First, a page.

Functional anatomy and broad functions of digestive system, enteric nervous system; GI Secretions- composition, mechanism of secretion, functions, and regulation of saliva, gastric, pancreatic, intestinal juices and bile secretion; GI movements- types, regulation, functions, reflexes; role of dietary fibres; Digestion and absorption of nutrients; GI hormones- source, regulation, functions; Gut-brain axis; structure and functions of liver and gall bladder; gastric function tests, pancreatic exocrine function tests & liver function tests, Pathophysiology – Achalasia cardia, peptic ulcer, gastro oesophageal reflux disease, vomiting, diarrhoea, constipation, Adynamic ileus, Hirschsprung’s disease.71 

Cardiovascular Physiology: (PY 5.1 – 5.16)                                 (25hrs)

Functional anatomy of heart; Pacemaker tissue and conducting system-generation, conduction of cardiac impulse; Properties of cardiac muscle; Cardiac cycle; ECG- recording, normal ECG, uses, cardiac axis, Abnormal ECG in common arrhythmias, changes with hypertrophy & MI; Haemodynamics; Heart rate- factors affecting, regulation; Cardiac output- factors, regulation, measurement; Blood pressure- components, determinants, factors, regulation and applied aspect, Regional circulation- autoregulation, microcirculation, lymphatic circulation, coronary, cerebral, capillary, skin, fetal, pulmonary and splanchnic circulation; Pathophysiology- shock, syncope, heart failure & coronary artery disease 

Respiratory Physiology: (PY 6.1-6.10)                                    (12hrs)

Functional anatomy of respiratory tract, dead space; Mechanics of respiration; Pressure volume changes during ventilation; Lung volume and capacities; Alveolar surface tension; Compliance; Airway resistance; alveolar ventilation, V/P ratio; Diffusion capacity of lungs; Transport of respiratory gases- Oxygen and Carbon dioxide; Neural and chemical regulation of respiration; Physiology of high altitude and deep sea diving; Principles of artificial respiration, oxygen therapy; Patho-physiology of dyspnoea, hypoxia, cyanosis, asphyxia, drowning, periodic breathing; Lung function tests & its clinical significance 

Renal Physiology: (PY 7.1 – 7.9)                                              (10hrs)

Structure and functions of kidney & juxta glomerular apparatus, role of renin-angiotensin system ; Renal blood flow; Mechanism of urine formation, concentration and diluting mechanism; Concept and significance of ‘clearance’ tests; Renal regulation of fluid and electrolytes & acid base balance; Structure and innervation of urinary bladder, physiology of micturition, cystometry, and its abnormalities; Artificial kidney(dialysis) and renal transplantation; Renal Function Tests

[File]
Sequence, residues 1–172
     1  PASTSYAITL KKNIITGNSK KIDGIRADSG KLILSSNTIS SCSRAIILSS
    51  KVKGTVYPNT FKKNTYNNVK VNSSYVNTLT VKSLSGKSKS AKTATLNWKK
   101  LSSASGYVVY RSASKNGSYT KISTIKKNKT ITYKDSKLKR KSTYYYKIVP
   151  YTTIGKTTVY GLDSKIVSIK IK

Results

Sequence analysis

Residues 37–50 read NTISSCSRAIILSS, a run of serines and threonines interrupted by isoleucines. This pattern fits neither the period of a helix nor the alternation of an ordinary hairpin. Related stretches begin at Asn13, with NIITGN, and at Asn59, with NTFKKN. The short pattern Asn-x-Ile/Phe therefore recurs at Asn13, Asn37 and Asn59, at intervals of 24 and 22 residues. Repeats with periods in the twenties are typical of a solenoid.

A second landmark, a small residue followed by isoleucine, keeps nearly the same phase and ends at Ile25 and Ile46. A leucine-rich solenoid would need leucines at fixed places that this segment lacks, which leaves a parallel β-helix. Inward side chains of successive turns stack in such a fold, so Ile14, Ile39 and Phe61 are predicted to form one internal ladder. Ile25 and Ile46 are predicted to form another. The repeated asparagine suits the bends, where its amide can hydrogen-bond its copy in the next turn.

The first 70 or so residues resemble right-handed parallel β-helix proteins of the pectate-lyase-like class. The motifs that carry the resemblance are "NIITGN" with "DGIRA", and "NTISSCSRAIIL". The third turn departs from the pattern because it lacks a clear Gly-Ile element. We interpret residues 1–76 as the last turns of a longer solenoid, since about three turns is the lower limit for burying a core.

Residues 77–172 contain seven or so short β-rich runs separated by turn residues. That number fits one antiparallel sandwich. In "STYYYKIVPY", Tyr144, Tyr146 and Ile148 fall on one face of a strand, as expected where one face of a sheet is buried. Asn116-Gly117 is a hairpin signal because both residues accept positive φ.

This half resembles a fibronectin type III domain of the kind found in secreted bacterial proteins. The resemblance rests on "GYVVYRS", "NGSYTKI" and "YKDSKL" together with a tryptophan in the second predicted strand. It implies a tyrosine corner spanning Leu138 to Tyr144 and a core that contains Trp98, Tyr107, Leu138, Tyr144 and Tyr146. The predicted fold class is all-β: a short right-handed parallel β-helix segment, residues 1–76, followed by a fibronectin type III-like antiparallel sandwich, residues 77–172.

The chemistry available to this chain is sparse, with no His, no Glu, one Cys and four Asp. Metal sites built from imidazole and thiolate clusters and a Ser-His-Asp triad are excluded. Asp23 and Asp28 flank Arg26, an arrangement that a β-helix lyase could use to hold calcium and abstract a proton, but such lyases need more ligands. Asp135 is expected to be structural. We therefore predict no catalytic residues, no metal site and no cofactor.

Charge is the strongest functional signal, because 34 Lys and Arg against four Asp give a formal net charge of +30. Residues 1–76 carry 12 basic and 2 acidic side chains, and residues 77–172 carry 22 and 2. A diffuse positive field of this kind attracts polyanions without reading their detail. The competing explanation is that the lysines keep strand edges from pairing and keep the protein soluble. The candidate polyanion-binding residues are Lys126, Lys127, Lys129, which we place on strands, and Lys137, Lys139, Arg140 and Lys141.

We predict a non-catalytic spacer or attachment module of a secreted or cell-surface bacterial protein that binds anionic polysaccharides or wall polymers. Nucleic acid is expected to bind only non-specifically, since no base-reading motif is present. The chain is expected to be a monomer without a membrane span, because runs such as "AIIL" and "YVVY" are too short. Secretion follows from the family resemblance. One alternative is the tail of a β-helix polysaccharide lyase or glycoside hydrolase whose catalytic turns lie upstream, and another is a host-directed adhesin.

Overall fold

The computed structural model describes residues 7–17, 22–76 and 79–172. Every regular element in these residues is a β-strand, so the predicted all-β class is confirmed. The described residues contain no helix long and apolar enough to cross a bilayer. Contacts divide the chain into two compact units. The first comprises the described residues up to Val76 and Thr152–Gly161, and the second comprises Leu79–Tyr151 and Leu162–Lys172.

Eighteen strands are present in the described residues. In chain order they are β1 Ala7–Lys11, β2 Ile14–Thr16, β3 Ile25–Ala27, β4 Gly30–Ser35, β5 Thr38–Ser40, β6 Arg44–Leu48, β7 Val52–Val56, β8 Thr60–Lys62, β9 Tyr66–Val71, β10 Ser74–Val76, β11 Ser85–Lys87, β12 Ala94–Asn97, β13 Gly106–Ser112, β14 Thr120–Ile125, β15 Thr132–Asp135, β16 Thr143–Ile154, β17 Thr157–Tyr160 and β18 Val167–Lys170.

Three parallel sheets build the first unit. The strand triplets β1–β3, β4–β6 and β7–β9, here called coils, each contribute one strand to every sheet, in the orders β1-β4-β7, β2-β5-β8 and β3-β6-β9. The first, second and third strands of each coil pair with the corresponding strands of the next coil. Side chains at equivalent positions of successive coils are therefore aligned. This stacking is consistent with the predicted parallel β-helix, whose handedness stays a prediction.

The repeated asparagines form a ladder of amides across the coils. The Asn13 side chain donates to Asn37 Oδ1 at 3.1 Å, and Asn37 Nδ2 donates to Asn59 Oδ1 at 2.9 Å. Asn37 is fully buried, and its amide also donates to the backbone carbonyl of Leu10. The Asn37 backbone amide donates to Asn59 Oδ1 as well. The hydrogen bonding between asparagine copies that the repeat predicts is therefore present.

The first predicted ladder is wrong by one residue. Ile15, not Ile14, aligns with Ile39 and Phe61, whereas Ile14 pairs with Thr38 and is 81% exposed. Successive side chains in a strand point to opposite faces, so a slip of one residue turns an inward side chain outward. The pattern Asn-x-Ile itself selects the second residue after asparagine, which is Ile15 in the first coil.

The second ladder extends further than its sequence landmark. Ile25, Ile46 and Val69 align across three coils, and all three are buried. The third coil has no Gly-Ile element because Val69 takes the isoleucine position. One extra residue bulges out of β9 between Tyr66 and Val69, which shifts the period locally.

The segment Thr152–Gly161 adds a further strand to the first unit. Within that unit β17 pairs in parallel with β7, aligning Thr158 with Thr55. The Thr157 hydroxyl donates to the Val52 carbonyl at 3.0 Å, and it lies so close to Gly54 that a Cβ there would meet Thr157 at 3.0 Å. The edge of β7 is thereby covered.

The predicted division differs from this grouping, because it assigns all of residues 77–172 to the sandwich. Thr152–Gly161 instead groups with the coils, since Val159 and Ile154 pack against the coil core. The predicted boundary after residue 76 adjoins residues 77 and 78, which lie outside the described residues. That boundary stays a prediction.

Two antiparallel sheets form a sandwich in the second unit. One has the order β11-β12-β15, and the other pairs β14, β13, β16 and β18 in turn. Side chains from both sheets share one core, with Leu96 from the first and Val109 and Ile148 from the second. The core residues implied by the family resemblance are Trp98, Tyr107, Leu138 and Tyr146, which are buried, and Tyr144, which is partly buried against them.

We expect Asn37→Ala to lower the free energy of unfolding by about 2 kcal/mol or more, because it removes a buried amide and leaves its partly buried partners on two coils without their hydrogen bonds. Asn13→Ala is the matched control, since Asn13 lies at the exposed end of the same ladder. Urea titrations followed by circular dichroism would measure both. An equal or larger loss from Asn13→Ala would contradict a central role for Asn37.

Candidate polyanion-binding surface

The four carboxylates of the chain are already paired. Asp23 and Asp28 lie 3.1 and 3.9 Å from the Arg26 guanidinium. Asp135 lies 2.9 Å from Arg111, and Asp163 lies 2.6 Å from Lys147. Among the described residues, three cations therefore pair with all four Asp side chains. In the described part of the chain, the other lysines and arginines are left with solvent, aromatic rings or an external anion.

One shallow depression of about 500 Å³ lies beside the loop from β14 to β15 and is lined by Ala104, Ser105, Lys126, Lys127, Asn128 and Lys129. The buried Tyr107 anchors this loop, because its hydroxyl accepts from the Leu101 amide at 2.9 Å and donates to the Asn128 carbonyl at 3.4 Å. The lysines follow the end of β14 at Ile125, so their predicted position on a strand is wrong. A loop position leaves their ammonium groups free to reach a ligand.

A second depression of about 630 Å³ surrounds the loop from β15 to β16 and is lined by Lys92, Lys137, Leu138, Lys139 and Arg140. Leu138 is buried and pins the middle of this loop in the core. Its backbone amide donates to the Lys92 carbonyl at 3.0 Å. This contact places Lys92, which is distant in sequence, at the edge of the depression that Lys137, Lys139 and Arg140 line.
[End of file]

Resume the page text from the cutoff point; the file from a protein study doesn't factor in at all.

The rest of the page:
Endocrine Physiology: (PY 8.1 – 8.6)                                         (16 hrs)

Mechanism of action of steroid, protein and amine hormones; Synthesis, secretion, transport, physiological actions, regulation and effect of altered (hypo and hyper) secretion of pituitary gland, thyroid gland, parathyroid gland, adrenal gland, pancreas and hypothalamus; Physiology of bone and calcium metabolism; Physiology of growth; Physiology of Thymus & Pineal Gland; Hormone function tests ; Obesity & metabolic syndrome; Stress response 

Reproductive Physiology: (PY 9.1 – 9.12)                                      (10hrs)

Sex determination; sex differentiation and their abnormalities; Puberty: onset, progression, stages; early and delayed puberty; Male reproductive system: functions of 72 testis, spermatogenesis and its regulation, Cryptorchidism ; Female reproductive system: functions of ovary and its control, menstrual cycle: Hormonal, uterine and ovarian changes; Tests for ovulation; Physiological effects of sex hormones; Contraceptive methods for male and female; Effects of removal of gonads on physiological functions; Physiology of pregnancy, fetoplacental unit, pregnancy tests, parturition & lactation; Semen analysis; Causes and principles of management of infertility; Hormonal changes and their effects during perimenopause and menopause; Psychological and psychiatric disturbances associated with reproductive physiology.